My take is that on the surface, as an R Markdown user writing a document, there might not appear to be significant differences between Quarto and .Rmd. That beggars the question: Why move? Is Quarto really going to benefit me?
There are some significant changes that should be beneficial to you, while not adding too much pain to transition.
Low-Pain - Quarto is designed to be compatible with existing formats. For example you can render most .Rmd and Jupyter Notebooks with Quarto without modification. This certainly helps with folks making the transition to Quarto -- or just trying it out -- because they won't have to modify much of their existing work.
I'd summarize this as Quarto is, "low-pain to try out and transition into".
That being said, R Markdown is not going anyway. If you prefer it, keep using it.
The Gain - Quarto is designed to be useful to anyone who wants to create reproducible documents - Your R Markdown doc is also compatible with Python (and bash, Julia, C, SQL), but where R Markdown docs use R and knitr to render your doc, Quarto does not require R. Quarto runs computations into separate pluggable language "engines", which helps make this cross language functionality easier to support.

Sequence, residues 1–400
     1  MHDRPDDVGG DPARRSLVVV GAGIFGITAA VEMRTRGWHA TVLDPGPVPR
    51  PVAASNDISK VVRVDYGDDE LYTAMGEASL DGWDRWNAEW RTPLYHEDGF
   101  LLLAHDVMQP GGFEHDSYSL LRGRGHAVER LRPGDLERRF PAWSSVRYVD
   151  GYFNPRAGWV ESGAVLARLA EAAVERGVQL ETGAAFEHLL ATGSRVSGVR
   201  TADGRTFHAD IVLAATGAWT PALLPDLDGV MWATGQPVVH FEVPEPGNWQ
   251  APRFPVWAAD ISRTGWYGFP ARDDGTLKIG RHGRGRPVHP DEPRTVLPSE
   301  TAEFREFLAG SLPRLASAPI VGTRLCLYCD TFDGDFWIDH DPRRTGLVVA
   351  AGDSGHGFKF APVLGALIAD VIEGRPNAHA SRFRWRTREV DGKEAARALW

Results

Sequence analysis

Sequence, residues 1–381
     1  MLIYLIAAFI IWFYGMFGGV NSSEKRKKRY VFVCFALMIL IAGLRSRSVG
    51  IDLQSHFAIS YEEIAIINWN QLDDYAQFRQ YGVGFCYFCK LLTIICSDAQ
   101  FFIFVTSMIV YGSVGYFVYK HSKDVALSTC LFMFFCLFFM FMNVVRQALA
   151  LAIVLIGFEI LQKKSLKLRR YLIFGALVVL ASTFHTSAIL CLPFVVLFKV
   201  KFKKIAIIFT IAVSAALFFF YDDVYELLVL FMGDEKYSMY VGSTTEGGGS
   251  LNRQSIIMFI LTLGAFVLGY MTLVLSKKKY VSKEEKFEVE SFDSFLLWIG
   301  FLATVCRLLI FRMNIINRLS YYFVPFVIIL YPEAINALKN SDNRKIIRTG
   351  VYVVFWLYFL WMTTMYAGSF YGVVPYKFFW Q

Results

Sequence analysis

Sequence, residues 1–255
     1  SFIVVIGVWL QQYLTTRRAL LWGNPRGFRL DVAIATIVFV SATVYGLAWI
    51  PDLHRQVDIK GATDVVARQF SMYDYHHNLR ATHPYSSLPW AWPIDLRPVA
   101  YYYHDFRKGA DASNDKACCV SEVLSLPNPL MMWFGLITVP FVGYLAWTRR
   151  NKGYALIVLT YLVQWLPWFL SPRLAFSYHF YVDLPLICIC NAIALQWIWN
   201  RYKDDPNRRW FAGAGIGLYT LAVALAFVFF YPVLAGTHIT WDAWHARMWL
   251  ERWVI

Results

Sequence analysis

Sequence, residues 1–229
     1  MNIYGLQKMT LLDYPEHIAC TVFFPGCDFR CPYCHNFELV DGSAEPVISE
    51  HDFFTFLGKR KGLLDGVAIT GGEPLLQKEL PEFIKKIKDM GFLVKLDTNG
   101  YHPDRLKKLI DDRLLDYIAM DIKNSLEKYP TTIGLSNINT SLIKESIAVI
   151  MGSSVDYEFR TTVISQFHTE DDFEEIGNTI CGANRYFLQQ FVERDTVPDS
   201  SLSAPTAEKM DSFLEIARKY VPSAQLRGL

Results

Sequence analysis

Any regular user of R Markdown knows how great it is. It's a lovely notebook (especially in the RStudio IDE or Workbench!), it plays well with version control, which makes it handy for collaboration. I feel it's a standout example today of a great tool for creating reproducible research. And then add in the universe of related tools like bookdown, blogdown, pagedown, distill, pkgdown and more...
But R Markdown is really designed for R users and is R first, that is not where Quarto is coming from. Quarto is developed by the same core team as R Markdown and will get the same support and extensions.
If you goal is to create a document using the language of your preference -- one that's reproducible, plays well with version control, one that's easier to share with people who prefer to do their work in a different language -- Quarto will be a really handy tool for that purpose.
Learn more about Quarto
As of this writing, I think the following resources are great to learn more,
Questions about Quarto?
As of this writing Quarto is still in early development, and the dev team ask for you to report your issues and questions over on GitHub Discussions,